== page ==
Memories on Muslin

LKO COVERWe leave traces of our lives behind us – sometimes in the most unusual ways.

Eighty years ago, the women and young girls of Athelstan, Iowa left pieces of themselves behind, stitched on muslin squares. In 1934, women in the community formed a quilting club. Quilt blocks with Sunbonnet Sue’s and Overall Bill’s were created and signed with their signature. The blocks were traded with one another and a few quilts were made.

Nellie Morris had other plans for her squares. She signed her block ‘From Mother, To Doris’ and added the year ‘1934’ in the bonnet. A set of 30 squares, 27 signed with names, went to Doris, most probably as a Christmas present, since it was in December.

Doris grew up. She married and had children. She and her husband grew older. And, the squares sat together in a stack. For the next 70 years, never stitched into a quilt.

After Doris’ death, the squares surfaced and they mystery of where these names originated from set the author on a search with the most wonderful results. The names were traced back to Athelstan and in 2014 the squares were donated to the Taylor County Historical Museum in Bedford, just a few miles from where they’d originated from 80 years earlier.

Join us on this journey as the squares, along with history of Athelstan, a small town sitting on the Iowa-Missouri border. Tidbits of 1934, such as prices, dust storms, Bonnie & Clyde, Shirley Temple and more are included, setting the background of the time when these squares were stitched. A brief history of depression-era quilts, the colors, and patterns used is included in this tribute to these Athelstan women.

Squares in this set of squares are from: Doris & Mother (Nellie and Doris Morris), Betty Balch, John Balch, Beverly Ruth Barnett, Dorothy Barnett, Darlene Booher, Leona Booher, Charls Bownes, Evelyn Bownes, Maxine Bownes, Minnie & Josie Bownes, Mrs. E.J. Bownes, Leona Mae Byrns, Jean Marie Carroll, Lelah Clark, Kate Fidler, Katie Kemery, Norma Gean Kemery, Rex Morris, Grace Murray, Georgia Older, Deliliah Rusco, Berneice Scott, Thelma Weaver, Dean Weese, and three unnamed people, anonymous to us forever.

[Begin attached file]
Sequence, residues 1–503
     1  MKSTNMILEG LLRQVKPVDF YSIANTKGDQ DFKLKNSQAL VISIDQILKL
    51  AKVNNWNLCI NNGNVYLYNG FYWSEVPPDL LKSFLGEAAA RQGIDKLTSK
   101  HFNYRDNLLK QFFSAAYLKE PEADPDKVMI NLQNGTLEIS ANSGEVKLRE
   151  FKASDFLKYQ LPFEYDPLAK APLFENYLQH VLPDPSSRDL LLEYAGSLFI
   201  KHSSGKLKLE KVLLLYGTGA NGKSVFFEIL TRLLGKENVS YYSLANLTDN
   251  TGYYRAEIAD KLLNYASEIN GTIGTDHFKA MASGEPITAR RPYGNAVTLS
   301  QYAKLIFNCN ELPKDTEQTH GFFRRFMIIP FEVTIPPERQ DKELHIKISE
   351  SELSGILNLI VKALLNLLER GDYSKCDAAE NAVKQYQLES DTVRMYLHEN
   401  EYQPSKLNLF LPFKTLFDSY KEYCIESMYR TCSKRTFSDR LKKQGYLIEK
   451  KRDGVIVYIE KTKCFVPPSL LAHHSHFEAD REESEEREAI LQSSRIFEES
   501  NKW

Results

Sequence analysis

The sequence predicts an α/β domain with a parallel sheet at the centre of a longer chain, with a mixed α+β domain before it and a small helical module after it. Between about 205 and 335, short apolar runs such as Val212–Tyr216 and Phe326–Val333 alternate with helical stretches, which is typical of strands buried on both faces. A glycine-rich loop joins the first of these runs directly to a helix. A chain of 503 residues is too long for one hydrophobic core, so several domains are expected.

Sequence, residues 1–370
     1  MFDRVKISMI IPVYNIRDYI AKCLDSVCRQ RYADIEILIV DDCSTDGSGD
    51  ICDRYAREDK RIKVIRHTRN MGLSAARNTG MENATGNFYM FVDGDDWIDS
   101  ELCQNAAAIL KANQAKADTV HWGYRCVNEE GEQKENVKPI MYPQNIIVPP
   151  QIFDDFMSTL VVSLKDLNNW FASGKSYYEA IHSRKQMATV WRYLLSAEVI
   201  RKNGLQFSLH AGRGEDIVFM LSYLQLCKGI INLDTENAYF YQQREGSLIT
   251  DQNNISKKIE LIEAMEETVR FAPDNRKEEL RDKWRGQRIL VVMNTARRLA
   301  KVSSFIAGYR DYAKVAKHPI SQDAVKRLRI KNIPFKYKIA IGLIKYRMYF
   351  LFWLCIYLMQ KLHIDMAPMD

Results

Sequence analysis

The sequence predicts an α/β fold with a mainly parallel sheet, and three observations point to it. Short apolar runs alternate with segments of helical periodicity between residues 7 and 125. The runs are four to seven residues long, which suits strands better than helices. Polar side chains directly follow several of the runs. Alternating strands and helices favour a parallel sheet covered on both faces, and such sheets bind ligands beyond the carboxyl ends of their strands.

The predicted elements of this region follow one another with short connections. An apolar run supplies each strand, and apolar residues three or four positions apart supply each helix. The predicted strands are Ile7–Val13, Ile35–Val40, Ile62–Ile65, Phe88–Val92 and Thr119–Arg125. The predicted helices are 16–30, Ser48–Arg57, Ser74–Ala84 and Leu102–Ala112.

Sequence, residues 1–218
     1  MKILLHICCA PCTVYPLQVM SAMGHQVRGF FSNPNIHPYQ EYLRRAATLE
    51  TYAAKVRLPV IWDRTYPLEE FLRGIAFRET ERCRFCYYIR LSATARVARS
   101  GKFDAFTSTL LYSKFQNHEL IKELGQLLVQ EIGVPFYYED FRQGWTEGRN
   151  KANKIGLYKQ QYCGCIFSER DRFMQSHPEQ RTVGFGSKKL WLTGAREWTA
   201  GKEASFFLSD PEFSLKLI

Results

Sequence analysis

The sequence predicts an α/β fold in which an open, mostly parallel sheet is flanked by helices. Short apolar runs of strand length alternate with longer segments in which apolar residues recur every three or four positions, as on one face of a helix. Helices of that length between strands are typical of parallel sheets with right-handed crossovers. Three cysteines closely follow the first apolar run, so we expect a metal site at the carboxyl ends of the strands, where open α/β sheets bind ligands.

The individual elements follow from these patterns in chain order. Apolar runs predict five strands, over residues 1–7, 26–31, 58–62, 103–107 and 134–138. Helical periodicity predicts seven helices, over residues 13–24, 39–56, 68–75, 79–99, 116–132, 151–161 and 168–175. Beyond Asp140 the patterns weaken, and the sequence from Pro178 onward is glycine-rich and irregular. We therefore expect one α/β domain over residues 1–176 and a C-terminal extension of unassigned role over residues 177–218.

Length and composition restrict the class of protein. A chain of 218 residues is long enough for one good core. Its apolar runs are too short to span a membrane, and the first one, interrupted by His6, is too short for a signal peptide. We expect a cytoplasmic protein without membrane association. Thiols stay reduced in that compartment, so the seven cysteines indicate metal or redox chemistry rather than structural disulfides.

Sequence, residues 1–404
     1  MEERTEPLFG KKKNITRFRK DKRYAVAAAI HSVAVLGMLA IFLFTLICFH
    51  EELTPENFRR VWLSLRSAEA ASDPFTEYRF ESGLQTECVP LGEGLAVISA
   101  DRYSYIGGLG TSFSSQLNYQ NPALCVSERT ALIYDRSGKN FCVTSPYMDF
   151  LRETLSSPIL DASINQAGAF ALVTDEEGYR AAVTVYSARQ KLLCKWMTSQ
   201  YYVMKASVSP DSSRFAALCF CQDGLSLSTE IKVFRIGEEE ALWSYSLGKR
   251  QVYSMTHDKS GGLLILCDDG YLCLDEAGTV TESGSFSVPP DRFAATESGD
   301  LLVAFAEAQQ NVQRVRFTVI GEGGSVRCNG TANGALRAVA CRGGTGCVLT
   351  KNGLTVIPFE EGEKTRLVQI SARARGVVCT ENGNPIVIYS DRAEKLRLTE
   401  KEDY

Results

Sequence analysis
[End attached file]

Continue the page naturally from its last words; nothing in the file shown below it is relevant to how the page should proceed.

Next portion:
Available as an electronic PDF file from the author for $3.99.

A print is available from the author for $5.99 plus $3.50 shipping and handling. (Email for details)

Available as an ebook at Amazon, for $3.99.


New Name!

new name

We’re changing names.

Bread and Butter Days is now going by …. VINTAGE DAZE

The site address may still be the same. I haven’t figured out how (or if) I can change that.

We’ll still be bringing you snippets and memories from the past, just as Vintage Daze.

Have a wonderful day!


Taylor Book of Recipes, 1928

Taylor Book of Recipes, 1928

BBD_cb1It’s a tiny little thing, this small little cookbook that almost got lost in my ‘pile’.

A mere three inches across and four and a half inches tall, this cookbook from 1928 is chock full of recipes in its 88 pages.

Taylor Instrument Companies printed the cookbook to help promote its TAYLOR HOME SET, a three piece thermometer set consisting of an oven thermometer, a sugar meter for canning and preserving, and a candy thermometer for jelly and candymaking.

What I thought was interesting was that right in the middle of the ‘Hard Candies’ chapter, is a recipe for cough drops.


2 cups water
½ oz. hoarhound herb
6 cups granulated sugar
½ cup strained honey
¼ teaspoon cream of tartar
½ teaspoon oil of anise

Boil the hoarhound in 1 cup of water for five minutes. Strain. Add the sugar, cream of tartar and the other cup of water. Boil to 295 degrees; then add the strained honey and let boil up once. Remove from fire, drop oil of anise in various parts of it. Blend with as little stirring as possible. Pour onto oil tin. Mark in squares when slightly cooled. Roll in powdered sugar.

The recipes for jelly making, baking and roasting were written by Nena Wilson Badenoch. The last few pages, Recipes for Deep-Fat-Frying, were written by Mrs. C. T. Bunnell.

Nena Wilson Badenoch was the author and coauthor of several other cookbooks. She also had an article in Good housekeeping: Volume 86, Number 3 (March 1928), entitled ‘A House to Grow Up In’. In 1938, she wrote a children’s book called ‘Go Home Puppy’.

Stay tuned for next week’s post, when we’ll be back to this cookbook, sharing some of the interesting fudge recipes in it.